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Broad trapped Handcomb early on the second day and broke the stand of 48 runs. Tim Paine was the new man in and the Australia suddenly had two players who have never been in the good books of the fans. Even before the series had commenced, everybody had slammed these two for letting Australia down with their repetitive poor scores. Australia were in crisis, England’s attack was not at its best and an opportunity was plainly staged for these two to prove themselves in from of the local crowd.

So far in the series, Paine had done a great job behind the wickets. In the first Test, he had given away just five byes in the first innings and none in the second one. His thunder-like stumping of Moeen Ali acknowledged the fact that the selectors would have completely not made a mistake by recalling him. All that was left to do was make his bat speak.

Paine walked in the crease in the first over of the second day and little did England know he would join Marsh to frustrate them with extreme defensive skills. He made good judgements against Anderson and Broad. By striking early boundaries against the former, Paine shifted pressure back to the Englishmen. One of the major reasons behind Paine’s absence from international cricket also has been his struggle to recover from a fractured right index finger. And exactly there, Paine received a blow but that did not turn out to be too serious.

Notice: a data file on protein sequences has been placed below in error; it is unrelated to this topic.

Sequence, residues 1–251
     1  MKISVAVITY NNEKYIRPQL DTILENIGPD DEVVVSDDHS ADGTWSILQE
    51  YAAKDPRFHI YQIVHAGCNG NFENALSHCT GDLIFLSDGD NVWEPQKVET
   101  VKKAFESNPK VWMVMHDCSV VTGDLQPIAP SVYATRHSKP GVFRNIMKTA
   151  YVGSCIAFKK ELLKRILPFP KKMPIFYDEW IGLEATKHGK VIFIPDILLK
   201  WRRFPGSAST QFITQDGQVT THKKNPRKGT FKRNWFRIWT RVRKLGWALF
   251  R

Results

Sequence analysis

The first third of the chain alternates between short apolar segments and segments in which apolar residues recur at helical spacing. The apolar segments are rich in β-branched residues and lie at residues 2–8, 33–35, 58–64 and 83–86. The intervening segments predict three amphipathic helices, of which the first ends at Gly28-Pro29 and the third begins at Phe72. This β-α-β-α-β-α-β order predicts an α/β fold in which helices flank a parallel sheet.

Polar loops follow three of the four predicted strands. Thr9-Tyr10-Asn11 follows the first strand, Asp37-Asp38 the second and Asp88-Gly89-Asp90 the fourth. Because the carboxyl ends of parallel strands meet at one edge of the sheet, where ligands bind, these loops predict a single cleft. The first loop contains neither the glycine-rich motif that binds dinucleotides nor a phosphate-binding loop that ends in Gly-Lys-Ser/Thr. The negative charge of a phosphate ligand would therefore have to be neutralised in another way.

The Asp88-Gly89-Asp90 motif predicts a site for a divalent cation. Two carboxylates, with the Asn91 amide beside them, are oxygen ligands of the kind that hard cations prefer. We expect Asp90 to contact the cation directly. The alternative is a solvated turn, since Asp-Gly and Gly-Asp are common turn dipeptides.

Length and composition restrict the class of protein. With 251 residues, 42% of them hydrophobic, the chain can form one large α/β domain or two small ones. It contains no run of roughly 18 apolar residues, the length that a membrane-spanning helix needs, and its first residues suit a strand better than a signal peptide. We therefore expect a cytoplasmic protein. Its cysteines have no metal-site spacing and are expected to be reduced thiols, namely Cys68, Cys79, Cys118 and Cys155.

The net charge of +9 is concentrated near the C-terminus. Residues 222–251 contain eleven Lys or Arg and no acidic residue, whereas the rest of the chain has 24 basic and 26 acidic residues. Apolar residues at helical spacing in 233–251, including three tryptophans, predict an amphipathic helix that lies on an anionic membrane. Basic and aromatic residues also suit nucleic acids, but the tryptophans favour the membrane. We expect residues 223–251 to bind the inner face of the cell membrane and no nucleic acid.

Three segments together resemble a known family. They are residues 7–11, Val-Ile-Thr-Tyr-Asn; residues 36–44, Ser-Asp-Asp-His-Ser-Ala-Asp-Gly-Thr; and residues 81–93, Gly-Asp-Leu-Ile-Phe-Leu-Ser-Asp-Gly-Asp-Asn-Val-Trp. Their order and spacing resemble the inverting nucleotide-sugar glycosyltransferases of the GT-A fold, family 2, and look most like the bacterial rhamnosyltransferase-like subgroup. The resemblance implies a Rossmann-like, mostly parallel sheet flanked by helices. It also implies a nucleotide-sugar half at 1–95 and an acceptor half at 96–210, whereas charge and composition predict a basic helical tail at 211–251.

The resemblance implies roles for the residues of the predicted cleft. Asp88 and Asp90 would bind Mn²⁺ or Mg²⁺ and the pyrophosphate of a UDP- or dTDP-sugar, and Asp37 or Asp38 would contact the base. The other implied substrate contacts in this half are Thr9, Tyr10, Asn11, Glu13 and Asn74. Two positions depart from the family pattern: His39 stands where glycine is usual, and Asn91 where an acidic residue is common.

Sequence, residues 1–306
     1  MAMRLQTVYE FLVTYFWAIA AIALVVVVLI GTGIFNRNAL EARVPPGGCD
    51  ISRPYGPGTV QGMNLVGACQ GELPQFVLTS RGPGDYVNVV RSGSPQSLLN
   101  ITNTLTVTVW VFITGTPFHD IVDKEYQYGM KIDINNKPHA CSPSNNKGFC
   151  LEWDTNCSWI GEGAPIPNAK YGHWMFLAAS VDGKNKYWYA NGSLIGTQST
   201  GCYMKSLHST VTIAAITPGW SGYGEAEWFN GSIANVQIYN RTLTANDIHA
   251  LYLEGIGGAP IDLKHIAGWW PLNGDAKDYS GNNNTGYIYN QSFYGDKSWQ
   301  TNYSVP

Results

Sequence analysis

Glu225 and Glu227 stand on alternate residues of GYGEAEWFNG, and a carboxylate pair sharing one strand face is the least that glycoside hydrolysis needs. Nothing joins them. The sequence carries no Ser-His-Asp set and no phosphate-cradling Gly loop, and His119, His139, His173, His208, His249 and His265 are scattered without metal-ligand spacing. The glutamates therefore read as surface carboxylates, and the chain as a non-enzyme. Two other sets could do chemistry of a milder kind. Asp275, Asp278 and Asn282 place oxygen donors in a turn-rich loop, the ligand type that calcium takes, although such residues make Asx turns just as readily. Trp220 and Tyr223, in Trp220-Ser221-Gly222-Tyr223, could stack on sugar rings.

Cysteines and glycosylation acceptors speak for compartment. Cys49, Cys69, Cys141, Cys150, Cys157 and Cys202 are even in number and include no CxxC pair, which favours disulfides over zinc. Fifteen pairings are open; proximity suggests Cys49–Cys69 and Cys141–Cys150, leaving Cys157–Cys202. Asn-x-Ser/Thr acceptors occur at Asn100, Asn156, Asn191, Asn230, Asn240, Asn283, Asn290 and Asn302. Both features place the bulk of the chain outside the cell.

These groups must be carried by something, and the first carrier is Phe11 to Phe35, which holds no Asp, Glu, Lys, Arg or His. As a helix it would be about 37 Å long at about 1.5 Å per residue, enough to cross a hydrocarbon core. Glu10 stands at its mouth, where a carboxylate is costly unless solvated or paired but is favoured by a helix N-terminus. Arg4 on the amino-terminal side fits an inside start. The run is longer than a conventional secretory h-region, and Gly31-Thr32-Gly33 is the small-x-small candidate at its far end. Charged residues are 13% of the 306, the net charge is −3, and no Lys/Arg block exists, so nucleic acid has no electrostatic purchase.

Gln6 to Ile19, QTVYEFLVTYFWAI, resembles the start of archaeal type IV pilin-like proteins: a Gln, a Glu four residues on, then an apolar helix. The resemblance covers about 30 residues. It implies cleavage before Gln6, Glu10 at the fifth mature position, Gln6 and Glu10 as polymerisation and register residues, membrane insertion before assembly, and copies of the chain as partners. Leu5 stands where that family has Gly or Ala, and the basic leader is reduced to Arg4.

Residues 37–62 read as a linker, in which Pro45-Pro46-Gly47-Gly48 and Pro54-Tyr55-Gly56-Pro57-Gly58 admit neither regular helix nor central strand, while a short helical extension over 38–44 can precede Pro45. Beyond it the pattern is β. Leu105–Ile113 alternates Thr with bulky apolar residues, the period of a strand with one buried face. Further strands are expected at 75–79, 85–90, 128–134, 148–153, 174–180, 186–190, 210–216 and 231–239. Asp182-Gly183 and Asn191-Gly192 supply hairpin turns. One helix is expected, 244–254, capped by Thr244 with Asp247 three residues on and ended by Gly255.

However, he immediately removed his hand off the bat whenever he played towards the leg side and that made his struggle evident. Marsh, at the other end, took his own time as he added only 29 runs to his score in a two-and-a-half-hour opening session. Both the batsmen were given LBW to James Anderson but DRS overturned the on-field umpire’s decision on both the occasions. Paine then batted on and brought up his fifty from his 91st delivery, before a pull shot went into the hands of Ali in the deep off Craig Overton.

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While Paine missed on a golden chance to register a second First-Class century of his career – the first one came 11 years ago – Marsh remained unbeaten as Australia declared at the end of the 149th over. After Marsh’s 48-run stand and a 55-run stand with Handscomb and Paine respectively, his and Australia’s best partnership happened when Pat Cummins joined Marsh in the middle. The two put up 99 runs for the eighth wicket and Cummins, like he had supported Smith in the last match, repeated the same role at Adelaide with Marsh.


Nevertheless, with an unbeaten 126, his fifth century in 25 Tests, Marsh certainly has silenced his critics for at least a while now. It was a fantastic sight to watch two players, who have always been ignored for their inconsistencies, to step up during the crisis and lead their side and prove that they were not totally a bad choice for the Ashes.